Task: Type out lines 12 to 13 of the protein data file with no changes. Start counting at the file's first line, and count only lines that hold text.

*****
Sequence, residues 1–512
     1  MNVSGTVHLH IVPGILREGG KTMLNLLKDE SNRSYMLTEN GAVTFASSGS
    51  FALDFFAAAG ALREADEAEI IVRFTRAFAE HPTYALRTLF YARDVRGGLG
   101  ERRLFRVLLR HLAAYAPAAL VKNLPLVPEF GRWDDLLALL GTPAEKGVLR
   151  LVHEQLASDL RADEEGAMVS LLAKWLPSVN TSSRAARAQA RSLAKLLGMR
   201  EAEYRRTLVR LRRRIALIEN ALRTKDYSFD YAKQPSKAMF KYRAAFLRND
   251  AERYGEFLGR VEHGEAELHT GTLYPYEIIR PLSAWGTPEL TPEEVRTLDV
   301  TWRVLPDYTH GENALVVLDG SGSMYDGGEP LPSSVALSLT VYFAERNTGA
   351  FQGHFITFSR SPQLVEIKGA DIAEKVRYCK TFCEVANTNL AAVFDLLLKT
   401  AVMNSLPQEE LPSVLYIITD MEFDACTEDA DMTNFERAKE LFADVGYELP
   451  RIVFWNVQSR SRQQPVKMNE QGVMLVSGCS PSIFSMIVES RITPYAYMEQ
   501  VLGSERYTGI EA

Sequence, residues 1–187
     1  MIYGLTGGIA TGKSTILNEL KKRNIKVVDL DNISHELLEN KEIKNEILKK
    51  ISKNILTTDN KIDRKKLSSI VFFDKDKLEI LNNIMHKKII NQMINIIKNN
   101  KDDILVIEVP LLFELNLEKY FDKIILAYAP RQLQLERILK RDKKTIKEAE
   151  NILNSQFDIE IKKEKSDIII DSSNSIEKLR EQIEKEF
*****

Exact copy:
   501  VLGSERYTGI EA

Sequence, residues 1–187